Latest figures on Operative Delivery 

December 3, 2005 
Annual Economic cost 
of Cesareans in 2003 
was 14.6 Billion Dollars

 Cesarean Section rate
 for 2004 29.1%


In August (2005) Reuters reported that 1.2 million Cesareans were performed, making it the number one hospital procedure in 2003, at a cost of 14.6 BILLION dollars. 

In the face of those statistics for Cesarean delivery -- 30% so far -- the decision by the University Hospital of Michigan Hospital at Ann Harbor to build C-section rooms instead of labor rooms seems like a smart business move.  But  here's the rub.  Delivery via Cesarean surgery is associated with 33 unique ‘route of delivery’ complications, including doubling the maternal death rate – intra-operative, post-op, delayed or downstream -- as compared to 4 specific 'route of delivery' complications associated with vaginal birth. 

Downstream complications of Cesarean surgery include reproductive difficulties such as infertility, miscarriage or tubal pregnancy and post-cesarean sequelae in subsequent pregnancies, such as abnormal placentation, abruption and fetal demise, uterine rupture, emergency hysterectomy, permanent neurological damage or death of mother and/or baby. 

This is costly in personal suffering, as well as its staggering economic expense to society. To put that 14.6 billion dollars in perspective, the reader should note that the 2005 federal energy bill signed by President Bush this August was for only 14.3 billion. The total cost for the 1989 Loma Prieta earthquake in the Bay area was estimated at only 6 billion dollars – a mere 5 months worth of Cesarean surgery.  

During the last 30 years, Cesarean intervention has gone from one out of twenty to one out of three pregnancies, with no reduction in the incidence of cerebral palsy or the rate of permanent, birth-related neurological damage. Also a problem is that the steep downward trend in maternal deaths gained over the course of 20th century stopped falling in 1982. After 14 years of no further improvement, there has been a slight rise in maternal mortality since 1996, primarily as a result of delayed and downstream complications of the sky-rocketing Cesarean rate. Any method that can reduce Cesarean surgeries will simultaneously prevent maternal mortality, which is two to four times greater with a C-section that normal birth. 

It is already scientifically documented that physiological management, as the foremost standard of care used by all maternity care providers (physicians, obstetricians, nurse midwives and community midwives), is an evidenced-based model that is both preventive and protective of mothers and babies. Treating normal birth 'normally' prevents many iatrogenic complications from developing and reduces obstetrical and neonatal interventions of all sorts. Most especially, it dramatically reduces the rate of Cesarean delivery, thus protecting women and babies in future pregnancies from the life-threatening complications of major surgery.  It is cost effective.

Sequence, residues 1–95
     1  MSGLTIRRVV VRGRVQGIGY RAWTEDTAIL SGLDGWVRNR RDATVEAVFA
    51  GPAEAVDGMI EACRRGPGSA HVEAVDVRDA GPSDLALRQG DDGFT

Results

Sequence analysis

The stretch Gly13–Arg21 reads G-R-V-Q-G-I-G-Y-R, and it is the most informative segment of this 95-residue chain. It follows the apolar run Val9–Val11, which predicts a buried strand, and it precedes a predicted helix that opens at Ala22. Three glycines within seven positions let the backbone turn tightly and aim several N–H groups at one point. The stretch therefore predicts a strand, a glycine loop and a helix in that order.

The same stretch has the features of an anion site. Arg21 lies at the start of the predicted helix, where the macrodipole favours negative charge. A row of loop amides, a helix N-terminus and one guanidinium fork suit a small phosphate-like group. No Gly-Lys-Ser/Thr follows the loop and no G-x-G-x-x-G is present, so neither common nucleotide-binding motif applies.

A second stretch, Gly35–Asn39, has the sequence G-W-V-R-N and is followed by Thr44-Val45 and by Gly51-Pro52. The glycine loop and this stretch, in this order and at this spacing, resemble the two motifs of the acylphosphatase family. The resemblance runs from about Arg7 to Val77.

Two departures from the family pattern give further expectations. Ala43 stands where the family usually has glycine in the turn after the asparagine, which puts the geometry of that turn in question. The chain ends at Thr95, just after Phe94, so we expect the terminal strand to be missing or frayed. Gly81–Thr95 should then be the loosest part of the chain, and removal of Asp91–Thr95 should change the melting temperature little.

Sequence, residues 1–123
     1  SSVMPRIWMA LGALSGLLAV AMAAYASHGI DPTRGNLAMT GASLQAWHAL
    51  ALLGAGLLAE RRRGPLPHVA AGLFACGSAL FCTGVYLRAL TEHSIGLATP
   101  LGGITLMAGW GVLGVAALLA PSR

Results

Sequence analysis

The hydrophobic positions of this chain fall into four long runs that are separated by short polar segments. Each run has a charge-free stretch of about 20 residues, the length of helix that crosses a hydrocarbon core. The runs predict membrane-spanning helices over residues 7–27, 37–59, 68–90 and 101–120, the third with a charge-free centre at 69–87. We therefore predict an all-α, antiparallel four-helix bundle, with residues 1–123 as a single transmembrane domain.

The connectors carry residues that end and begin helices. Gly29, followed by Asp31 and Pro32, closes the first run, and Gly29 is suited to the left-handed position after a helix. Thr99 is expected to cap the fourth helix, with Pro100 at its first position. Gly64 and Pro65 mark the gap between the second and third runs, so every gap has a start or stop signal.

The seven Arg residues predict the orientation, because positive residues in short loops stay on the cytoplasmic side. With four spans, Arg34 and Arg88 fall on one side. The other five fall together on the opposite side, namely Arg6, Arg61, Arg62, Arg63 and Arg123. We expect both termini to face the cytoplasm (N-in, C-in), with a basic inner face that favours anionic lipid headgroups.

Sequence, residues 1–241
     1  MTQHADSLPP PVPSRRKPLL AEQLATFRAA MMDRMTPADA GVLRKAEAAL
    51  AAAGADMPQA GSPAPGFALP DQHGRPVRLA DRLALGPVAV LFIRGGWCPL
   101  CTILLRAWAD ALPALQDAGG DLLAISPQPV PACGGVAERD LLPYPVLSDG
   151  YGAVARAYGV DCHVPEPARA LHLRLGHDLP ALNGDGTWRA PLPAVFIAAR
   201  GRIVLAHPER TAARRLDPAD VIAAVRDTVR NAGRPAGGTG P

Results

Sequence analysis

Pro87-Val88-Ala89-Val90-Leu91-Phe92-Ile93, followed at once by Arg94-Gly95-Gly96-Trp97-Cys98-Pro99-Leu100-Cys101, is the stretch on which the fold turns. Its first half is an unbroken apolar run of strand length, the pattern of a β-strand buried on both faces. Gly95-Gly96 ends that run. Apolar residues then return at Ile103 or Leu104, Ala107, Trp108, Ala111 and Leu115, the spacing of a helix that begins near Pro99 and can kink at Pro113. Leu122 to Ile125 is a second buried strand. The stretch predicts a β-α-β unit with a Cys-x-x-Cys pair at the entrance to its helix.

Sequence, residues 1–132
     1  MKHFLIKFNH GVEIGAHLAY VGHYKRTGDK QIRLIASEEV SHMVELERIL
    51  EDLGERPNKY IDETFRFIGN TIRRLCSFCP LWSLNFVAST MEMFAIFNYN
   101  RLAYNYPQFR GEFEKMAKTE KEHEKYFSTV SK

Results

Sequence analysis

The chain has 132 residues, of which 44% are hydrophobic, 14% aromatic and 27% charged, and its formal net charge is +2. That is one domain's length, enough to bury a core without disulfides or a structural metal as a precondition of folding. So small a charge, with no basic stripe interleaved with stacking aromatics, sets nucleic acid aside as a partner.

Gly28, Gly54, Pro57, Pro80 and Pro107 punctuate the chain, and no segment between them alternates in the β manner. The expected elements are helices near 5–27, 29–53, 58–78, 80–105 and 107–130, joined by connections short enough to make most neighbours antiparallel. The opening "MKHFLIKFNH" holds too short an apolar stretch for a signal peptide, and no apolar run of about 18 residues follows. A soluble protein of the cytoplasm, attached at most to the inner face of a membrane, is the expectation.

The current high C-Section rate under obstetrical management stands in stark contrast to a recently published study in the British Medical Journal on physiological management of normal birth by community midwives.  The BMJ study amply documented that midwifery care (which is physiologically- based) and planned home birth (PHB) dramatically reduces the incidence of Cesarean surgery, and therefore is protective of the lives of childbearing women without increasing the risk to their unborn or newborn babies. 

The June 2005 paper in the British Medical Journal (BMJ 2005;330:1416–9) is the first large prospective study ever published on planned home birth (PHB) as attended by professionally -certified, direct-entry midwives in North America. This is a category of practitioners that by training, tradition and legal requirement uses only physiological methods and practices primarily in non-medical settings (private client homes, maternity homes or birth centers), where medical and surgical interventions are not permitted. If a complication requiring medical treatment arises during pregnancy or labor, the mother is transferred to hospital-based obstetrical services. All of those interventions, surgical procedures, etc and outcomes for mothers and babies transferred to the hospital are included in the outcomes statistics for the midwives in this study. 

The conclusion of the study in the BMJ stated that:

“Planned home birth for low risk women in North America using certified professional midwives was associated with lower rates of medical intervention but similar intrapartum and neonatal mortality to that of low risk hospital birth in the United States .”